Writing the task     453
How Ant configures tasks     455
Configuring the [left angle bracket]filesize[right angle bracket] task     457
Testing tasks with AntUnit     458
Using AntUnit     458
Testing the [left angle bracket]filesize[right angle bracket] task     460
Running the tests     461
More task attributes     463
Enumerations     463
User-defined types     465
Supporting nested elements     465
Working with resources     467
Using a resource-enabled task     470
Delegating to other tasks     471
Setting up classpaths in a task     472
Other task techniques     476
Making an Antlib library     478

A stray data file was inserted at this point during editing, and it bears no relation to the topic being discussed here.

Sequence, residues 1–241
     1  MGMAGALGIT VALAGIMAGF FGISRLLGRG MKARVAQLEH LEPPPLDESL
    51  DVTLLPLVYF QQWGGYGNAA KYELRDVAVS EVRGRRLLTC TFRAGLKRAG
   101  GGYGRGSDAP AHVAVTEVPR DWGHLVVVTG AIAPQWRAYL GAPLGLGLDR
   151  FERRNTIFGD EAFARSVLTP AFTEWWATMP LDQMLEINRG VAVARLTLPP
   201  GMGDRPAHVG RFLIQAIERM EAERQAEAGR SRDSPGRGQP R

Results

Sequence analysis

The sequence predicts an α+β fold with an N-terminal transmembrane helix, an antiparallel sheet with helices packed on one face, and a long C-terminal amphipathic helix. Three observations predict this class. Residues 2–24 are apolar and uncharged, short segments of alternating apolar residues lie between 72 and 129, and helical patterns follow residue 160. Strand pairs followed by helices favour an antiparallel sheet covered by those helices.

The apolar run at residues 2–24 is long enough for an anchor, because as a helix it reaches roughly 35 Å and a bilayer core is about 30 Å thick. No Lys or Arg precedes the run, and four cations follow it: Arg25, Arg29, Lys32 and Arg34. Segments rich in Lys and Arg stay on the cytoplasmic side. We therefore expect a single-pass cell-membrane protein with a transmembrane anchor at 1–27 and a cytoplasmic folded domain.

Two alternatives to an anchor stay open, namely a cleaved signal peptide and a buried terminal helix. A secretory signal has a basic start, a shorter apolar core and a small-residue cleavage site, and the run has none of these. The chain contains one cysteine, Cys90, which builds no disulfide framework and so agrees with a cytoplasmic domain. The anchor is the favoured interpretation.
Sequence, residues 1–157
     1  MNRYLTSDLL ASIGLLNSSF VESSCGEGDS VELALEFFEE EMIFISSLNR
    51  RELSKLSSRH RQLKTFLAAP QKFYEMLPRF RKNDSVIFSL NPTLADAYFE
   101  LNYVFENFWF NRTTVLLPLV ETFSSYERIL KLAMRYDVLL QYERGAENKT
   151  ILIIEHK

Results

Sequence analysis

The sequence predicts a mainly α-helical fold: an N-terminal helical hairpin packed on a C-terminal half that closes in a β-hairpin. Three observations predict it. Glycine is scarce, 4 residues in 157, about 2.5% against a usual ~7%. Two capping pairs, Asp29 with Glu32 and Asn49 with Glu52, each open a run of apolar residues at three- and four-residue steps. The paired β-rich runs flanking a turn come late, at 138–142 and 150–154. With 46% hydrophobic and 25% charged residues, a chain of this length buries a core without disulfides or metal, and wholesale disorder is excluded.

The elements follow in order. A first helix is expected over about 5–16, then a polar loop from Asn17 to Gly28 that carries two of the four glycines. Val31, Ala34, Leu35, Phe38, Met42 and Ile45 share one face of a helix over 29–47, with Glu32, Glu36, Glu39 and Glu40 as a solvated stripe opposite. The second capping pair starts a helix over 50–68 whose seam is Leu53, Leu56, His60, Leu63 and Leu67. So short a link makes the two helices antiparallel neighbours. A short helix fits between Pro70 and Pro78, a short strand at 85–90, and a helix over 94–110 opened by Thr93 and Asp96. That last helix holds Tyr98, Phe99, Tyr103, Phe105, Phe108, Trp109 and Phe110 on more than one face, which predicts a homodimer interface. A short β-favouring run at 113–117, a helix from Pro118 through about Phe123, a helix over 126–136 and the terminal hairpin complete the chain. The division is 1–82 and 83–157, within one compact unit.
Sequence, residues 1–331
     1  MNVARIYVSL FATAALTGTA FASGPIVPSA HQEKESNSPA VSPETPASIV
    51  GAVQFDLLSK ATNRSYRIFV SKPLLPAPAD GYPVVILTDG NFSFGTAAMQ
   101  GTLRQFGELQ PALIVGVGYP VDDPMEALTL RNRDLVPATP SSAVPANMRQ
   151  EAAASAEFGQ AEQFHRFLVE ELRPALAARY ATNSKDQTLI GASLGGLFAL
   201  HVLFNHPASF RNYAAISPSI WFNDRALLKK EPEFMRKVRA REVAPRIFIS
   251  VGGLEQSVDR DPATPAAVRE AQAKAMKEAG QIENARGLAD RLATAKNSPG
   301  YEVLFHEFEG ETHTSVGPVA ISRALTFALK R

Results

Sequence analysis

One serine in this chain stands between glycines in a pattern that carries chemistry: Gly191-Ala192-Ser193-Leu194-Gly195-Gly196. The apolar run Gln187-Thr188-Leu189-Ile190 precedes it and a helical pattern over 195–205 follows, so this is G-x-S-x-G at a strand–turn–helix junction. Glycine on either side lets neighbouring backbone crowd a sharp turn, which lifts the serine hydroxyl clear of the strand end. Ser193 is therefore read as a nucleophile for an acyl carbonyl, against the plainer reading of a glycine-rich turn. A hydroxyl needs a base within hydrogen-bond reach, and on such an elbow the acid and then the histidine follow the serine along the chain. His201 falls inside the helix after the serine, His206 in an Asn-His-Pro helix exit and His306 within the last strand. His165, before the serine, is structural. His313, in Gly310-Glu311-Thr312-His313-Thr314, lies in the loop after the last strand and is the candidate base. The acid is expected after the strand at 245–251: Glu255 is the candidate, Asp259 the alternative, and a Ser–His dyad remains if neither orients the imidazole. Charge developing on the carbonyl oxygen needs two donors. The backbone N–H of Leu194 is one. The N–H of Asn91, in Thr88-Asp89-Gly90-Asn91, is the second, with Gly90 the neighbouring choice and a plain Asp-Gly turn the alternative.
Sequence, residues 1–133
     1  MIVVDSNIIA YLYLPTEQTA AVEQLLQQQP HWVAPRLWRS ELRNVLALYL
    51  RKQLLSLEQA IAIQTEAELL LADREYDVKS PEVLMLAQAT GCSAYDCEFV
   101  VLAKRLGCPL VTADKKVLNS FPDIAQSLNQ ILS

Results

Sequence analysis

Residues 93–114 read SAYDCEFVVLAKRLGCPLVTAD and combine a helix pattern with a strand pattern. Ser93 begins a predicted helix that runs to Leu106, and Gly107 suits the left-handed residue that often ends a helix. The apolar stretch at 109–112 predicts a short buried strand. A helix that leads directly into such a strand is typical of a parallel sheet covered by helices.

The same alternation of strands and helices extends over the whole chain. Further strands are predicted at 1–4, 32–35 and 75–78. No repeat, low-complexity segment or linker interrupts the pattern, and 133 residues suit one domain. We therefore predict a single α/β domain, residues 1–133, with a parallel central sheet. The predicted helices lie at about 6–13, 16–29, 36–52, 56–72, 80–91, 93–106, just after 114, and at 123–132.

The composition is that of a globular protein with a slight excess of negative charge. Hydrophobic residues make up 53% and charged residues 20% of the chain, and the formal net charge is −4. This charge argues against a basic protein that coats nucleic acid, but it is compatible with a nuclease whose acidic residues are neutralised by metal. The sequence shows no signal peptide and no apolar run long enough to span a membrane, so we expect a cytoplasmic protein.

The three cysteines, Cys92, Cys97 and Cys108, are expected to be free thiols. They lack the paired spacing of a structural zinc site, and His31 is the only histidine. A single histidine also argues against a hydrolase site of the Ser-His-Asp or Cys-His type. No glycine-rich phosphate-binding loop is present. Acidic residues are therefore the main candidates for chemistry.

Summary     481
Extending Ant further     483
Scripting within Ant     484
Writing new tasks with [left angle bracket]scriptdef[right angle bracket]     486
Scripting summary     489
Conditions     490
Writing a conditional task     492
Writing a custom resource     493
Using a custom resource      496
How Ant datatypes handle references     496
Selectors     497
Scripted selectors     499
Developing a custom mapper     499
Implementing a custom filter     501
Handling Ant's input and output     503
Writing a custom listener     505
Writing a custom logger     509
Using loggers and listeners     511
Handling user input with an InputHandler     512
Embedding Ant     512
Summary     514
Installation     516
Before you begin     516
The steps to install Ant     517
Setting up Ant on Windows     517
Setting up Ant on Unix     518
Installation configuration     520
Troubleshooting installation     520
XML Primer     525